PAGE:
But Michael the archangel, when he disputed with the devil and argued about the body of Moses, did not dare pronounce against him a railing judgment, but said, “The Lord rebuke you!”—Jude 1:9
Years ago, while I was in the thick of a trial that didn’t seem to go away, a friend gave what she felt was helpful advice. “Rebuke the devil!” she cheerfully offered.
Sigh. That tip immediately made it to my Top 10 list of worst advice ever. Why? Because it’s unbiblical.
However, preachers continue to shout the same advice from the pulpit, and Sunday school teachers weave it into their lessons. Yet nowhere in Scripture are people commanded to rebuke the devil. That privilege only belongs to God.
The Source of the Confusion
I know what you’re thinking: “But the Bible does tell us to rebuke the devil!” But you’re mixing up your r-words. The verse you’re likely thinking of goes like this:
Resist the devil, and he will flee from you.—James 4:7b
There’s a difference resisting—or between standing firm against the devil—and rebuking. The Lord actually equates confronting the devil with rejecting authority and reviling angelic majesties (Jude 1:8). Before pride brought about his downfall, Satan—a created being—was high up in heaven’s pecking order. It’s ironic how even now he must seek God’s permission to do harm.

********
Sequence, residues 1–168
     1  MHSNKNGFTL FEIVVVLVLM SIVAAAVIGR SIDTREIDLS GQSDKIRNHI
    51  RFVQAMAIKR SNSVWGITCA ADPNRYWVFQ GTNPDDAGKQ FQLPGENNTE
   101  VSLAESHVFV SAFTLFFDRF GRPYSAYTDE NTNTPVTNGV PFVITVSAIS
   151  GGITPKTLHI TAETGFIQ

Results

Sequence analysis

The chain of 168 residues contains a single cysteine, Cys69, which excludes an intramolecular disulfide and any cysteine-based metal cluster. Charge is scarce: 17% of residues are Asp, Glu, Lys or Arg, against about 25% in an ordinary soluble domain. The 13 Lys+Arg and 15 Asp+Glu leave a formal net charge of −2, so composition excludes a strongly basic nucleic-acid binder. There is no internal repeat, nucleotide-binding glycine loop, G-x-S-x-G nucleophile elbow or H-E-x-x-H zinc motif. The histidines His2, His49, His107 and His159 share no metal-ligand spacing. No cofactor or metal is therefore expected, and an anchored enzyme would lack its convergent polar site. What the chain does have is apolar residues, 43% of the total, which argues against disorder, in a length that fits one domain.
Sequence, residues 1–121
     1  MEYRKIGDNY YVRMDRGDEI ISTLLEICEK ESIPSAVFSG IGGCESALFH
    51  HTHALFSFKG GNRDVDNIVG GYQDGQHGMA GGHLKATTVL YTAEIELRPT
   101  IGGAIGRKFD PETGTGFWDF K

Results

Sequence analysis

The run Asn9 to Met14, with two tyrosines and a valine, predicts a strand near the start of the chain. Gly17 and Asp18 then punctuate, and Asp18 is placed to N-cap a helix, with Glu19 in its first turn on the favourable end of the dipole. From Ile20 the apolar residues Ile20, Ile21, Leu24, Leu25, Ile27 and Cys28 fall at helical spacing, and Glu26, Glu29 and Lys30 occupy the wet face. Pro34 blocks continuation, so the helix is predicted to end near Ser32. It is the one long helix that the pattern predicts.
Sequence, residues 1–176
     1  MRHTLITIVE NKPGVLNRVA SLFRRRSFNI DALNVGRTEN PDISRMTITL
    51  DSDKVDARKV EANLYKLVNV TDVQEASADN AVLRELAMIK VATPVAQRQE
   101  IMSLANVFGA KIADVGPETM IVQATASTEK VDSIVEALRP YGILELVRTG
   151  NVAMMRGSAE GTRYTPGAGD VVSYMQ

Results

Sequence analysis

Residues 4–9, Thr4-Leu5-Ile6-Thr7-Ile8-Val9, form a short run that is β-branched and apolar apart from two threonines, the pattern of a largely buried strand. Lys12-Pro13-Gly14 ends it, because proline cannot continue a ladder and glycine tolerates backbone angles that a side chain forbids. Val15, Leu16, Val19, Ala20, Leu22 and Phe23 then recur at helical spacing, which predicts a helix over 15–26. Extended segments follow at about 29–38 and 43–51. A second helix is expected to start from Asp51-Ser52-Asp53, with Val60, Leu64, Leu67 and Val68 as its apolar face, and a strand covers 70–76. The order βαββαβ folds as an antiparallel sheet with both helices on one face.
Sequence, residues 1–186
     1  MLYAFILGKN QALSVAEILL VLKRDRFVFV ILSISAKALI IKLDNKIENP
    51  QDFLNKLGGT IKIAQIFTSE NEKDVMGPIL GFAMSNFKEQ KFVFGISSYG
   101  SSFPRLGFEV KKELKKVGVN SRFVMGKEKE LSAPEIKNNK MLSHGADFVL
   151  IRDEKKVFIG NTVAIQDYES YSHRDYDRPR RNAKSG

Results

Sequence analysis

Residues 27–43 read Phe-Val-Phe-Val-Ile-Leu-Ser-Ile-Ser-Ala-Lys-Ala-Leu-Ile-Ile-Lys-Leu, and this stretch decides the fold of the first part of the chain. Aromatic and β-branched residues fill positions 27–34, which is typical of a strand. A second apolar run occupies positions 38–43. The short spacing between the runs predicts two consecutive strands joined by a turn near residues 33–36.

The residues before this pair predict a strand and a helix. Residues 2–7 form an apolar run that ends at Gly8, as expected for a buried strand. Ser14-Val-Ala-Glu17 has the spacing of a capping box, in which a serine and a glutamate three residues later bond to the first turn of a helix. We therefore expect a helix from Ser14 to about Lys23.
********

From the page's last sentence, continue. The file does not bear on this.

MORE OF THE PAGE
The Sovereignty of Our God
The Book of Job gives us an insider’s look into Satan’s ploys.
One day the angels came to present themselves before the Lord, and Satan also came with them. The Lord said to Satan, “Where have you come from?” Satan answered the Lord, “From roaming throughout the earth, going back and forth on it.” Then the Lord said to Satan, “Have you considered my servant Job? There is no one on earth like him; he is blameless and upright, a man who fears God and shuns evil.” “Does Job fear God for nothing?” Satan replied. “Have you not put a hedge around him and his household and everything he has? You have blessed the work of his hands, so that his flocks and herds are spread throughout the land. But now stretch out your hand and strike everything he has, and he will surely curse you to your face.” The Lord said to Satan, “Very well, then, everything he has is in your power, but on the man himself do not lay a finger.” Then Satan went out from the presence of the Lord.—Job 1:6-12
Satan came before God to “seeking someone to devour” (1 Peter 5:8), and God actually suggested Job. God is sovereign; He shares His power and glory with no one. Satan is powerless without God’s permission. So if evil comes your way, it is not by God’s hand, but it is with His permission. The principles of Romans 8:28 were equally true then as now: God allows things for our good and for His glory.
When we take it upon ourselves to rebuke the enemy, we are thumbing our noses at the very authority that Satan himself must acknowledge. We are dismissing God’s sovereignty— effectively elevating ourselves to His level, the sin that got Satan thrown out of heaven. This, my friends, is dangerous territory. And it’s not the only dangerous territory in this whole issue.
The Object of Our Prayers
Consider the nature of prayer, a communion with God. When we pray, we voice our petitions to Him. So how is voicing a petition to the enemy of our souls not a form of prayer? Regardless of your intent, it’s just that. And I’d give that a 10 on the creepy scale.
Only God commands authority over Satan, so we—like the archangel Michael—must submit to His authority. When you’re under attack, ask God to rebuke the devil. You focus on resisting him. Consider this your rebuke.